Before I met La Uruguaya I fell in love with Elizabeth Blew (below, left). She had red hair, a pale complexion and she reminded me of a tiny racing horse. She sounded exactly like Queen Elizabeth did at her coronation. We sat in a Buenos Aires boliche (a corner cafe) sipping cocas in 1965 and I was smitten.
But it was not to be. Not only was she my first cousin but our romantic interlude ended suddenly when her boyfriend, Bill or Bob arrived. He was very blonde, very tall and very German looking in his almost Wermacht-issue uniform (he was serving in the Argentine Army while I was in the Argentine Navy). He was scary. I also felt attraction to my niece María Inés O'Reilly who led me on with lots of flirting. If anything I would have defined her as a flirt.
I met Corina Poore when she was in bed with a cold. From her bed she read my hand and told me things about me that made my blush. I was fascinated by her million freckles and her pushy demeanor.
She swept me off my feet like a pampero, the Argentine wind that comes racing in from the pampas. She invited me for a weekend at her parent's ranch in Entre Rios Province. Since I was desk bound as translator to the Senior US Naval Advisor I had to sweet talk Cabo (corporal) Moraña for that weekend pass. Moraña told me I could have the weekend as long as I told him all the "details" when I got back. Corina's brother-in-law flew us in his private plane and landed in the middle of nowhere. Suddenly a cloud of dust approached and an ancient black Packard arrived. We were driven to a gentle hill on which a large house with a veranda stood. The house was surrounded by a forged iron fence. At the door I saw the biggest Great Dane I have ever seen in my life. Corina told us we would ride before dinner. We did and after putting on my suit and tie we sat down at the dinner table, which was complete with finger bowls and a servant in back of every chair. The next day we went riding again. The cincha of my Argentine saddle loosened up and the horse sensed it. It stopped suddenly and I went flying. The horse then began to stomp on me and managed to hit me near one of my eyes. I spent the rest of my weekend on the veranda hammock while Corina placed an ice pack on my swollen black eye. This was extremely romantic but I still realized I was going to have a problem explaining it all to Cabo Moraña.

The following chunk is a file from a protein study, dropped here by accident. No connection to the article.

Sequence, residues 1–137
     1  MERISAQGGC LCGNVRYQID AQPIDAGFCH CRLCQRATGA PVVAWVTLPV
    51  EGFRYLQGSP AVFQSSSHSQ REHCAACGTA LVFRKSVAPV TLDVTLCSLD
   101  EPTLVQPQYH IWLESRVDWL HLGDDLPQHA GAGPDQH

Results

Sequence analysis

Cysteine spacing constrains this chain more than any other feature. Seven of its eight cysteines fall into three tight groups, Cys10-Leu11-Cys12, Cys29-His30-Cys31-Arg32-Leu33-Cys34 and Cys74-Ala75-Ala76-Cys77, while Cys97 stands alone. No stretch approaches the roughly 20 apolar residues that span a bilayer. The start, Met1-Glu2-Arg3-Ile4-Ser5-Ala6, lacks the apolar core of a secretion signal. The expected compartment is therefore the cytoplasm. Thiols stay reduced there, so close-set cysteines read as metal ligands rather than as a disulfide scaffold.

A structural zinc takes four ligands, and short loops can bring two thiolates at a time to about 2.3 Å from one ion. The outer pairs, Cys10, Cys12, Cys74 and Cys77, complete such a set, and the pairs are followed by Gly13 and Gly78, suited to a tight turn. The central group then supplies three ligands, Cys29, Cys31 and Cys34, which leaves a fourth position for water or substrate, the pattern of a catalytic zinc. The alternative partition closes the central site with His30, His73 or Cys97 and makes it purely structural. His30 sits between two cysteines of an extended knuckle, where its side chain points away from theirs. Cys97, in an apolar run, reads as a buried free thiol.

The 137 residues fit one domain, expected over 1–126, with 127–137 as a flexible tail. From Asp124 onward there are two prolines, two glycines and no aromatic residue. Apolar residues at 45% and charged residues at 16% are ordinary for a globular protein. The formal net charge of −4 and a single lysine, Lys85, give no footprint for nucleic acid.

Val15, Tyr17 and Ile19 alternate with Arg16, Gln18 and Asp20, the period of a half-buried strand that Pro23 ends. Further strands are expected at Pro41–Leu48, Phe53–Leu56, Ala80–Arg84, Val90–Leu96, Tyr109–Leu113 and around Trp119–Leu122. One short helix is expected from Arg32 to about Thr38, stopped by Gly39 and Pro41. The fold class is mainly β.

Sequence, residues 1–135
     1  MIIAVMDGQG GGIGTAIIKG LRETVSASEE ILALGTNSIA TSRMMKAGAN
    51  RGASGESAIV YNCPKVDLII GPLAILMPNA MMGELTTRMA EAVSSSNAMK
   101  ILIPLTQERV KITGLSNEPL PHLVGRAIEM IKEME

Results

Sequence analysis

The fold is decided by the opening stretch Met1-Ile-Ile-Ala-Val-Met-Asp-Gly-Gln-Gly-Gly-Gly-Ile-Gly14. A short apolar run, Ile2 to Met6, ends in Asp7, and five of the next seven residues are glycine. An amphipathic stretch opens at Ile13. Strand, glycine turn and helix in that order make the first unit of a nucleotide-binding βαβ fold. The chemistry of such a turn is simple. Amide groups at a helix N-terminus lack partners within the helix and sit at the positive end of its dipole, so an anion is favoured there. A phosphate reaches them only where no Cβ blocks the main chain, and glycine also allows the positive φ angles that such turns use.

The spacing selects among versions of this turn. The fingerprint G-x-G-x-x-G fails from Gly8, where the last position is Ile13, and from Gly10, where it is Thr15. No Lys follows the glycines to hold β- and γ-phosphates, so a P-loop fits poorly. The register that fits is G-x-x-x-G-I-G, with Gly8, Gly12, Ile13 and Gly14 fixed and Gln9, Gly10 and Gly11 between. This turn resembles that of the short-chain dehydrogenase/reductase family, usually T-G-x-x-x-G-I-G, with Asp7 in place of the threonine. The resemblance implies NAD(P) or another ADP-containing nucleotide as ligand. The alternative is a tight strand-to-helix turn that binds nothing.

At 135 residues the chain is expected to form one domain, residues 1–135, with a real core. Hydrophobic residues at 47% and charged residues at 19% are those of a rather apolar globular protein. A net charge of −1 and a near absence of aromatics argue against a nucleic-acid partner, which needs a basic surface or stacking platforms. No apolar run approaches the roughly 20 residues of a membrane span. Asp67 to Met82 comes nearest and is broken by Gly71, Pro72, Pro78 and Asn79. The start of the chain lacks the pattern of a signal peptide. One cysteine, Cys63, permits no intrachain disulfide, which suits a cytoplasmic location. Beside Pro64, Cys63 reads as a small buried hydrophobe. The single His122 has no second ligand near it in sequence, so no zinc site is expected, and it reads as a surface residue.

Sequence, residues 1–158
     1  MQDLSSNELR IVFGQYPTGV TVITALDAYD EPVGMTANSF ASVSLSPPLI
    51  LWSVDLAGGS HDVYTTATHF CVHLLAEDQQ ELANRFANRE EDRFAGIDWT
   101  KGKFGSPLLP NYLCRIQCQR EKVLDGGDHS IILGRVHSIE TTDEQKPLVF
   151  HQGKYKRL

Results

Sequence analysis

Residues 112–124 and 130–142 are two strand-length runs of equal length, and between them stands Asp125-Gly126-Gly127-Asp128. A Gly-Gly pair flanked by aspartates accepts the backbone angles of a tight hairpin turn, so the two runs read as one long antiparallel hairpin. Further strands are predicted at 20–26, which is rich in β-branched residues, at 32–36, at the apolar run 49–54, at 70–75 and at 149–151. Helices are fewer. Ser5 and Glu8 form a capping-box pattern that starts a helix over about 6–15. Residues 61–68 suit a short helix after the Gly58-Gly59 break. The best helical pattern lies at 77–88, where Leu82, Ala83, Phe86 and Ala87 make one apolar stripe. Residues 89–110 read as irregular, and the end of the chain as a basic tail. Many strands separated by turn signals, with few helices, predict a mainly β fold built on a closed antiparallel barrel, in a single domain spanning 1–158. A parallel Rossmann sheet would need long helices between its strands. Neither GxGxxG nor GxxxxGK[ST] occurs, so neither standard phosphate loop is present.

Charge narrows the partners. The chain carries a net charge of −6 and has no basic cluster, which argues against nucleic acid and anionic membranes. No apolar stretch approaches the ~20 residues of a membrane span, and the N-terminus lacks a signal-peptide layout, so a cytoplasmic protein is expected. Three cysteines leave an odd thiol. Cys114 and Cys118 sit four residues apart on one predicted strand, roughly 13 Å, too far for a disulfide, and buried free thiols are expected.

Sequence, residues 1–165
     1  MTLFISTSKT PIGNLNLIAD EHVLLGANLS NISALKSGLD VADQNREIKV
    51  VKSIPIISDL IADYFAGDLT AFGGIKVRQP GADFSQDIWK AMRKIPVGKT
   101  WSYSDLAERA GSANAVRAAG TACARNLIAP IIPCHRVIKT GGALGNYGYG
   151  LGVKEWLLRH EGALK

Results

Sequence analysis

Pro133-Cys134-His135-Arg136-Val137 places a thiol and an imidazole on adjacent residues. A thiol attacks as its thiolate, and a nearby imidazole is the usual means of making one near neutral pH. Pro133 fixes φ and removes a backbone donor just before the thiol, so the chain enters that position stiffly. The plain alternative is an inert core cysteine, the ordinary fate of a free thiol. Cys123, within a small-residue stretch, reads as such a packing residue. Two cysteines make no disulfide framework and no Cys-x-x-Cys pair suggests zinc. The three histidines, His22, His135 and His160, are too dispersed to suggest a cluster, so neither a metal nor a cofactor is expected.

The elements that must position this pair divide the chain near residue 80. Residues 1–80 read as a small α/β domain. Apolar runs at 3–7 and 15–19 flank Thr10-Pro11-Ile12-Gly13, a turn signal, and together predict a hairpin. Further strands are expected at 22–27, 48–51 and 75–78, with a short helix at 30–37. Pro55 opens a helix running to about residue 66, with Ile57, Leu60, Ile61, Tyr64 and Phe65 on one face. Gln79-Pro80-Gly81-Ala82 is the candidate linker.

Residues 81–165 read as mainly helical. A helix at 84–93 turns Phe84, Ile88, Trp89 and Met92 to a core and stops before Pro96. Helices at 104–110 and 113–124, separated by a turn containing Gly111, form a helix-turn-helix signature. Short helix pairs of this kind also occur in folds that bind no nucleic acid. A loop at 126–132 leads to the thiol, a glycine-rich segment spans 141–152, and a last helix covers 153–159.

After a very brief relationship Corina went on a ship (in 1965 ships still went to defined ports of destination) to Southampton to study in a London art school. It was a tearful goodbye at Puerto Nuevo and as a parting gift I gave her Miles Davis - Kind of Blue. She told me to visit her friend Susy Bornstein who would console me. She did.
I fell for Susy Bornstein immediately. We felt guilty. While Corina had wooed me singing Bob Dylan with her guitar (that was my first knowledge of Dylan) Susy fed me Swiss cheese sandwiches while making me listen to classical music. She took me to my first two operas at the Colón, Prokofiev's The Fiery Angel and Gluck's Orpheus and Eurydice.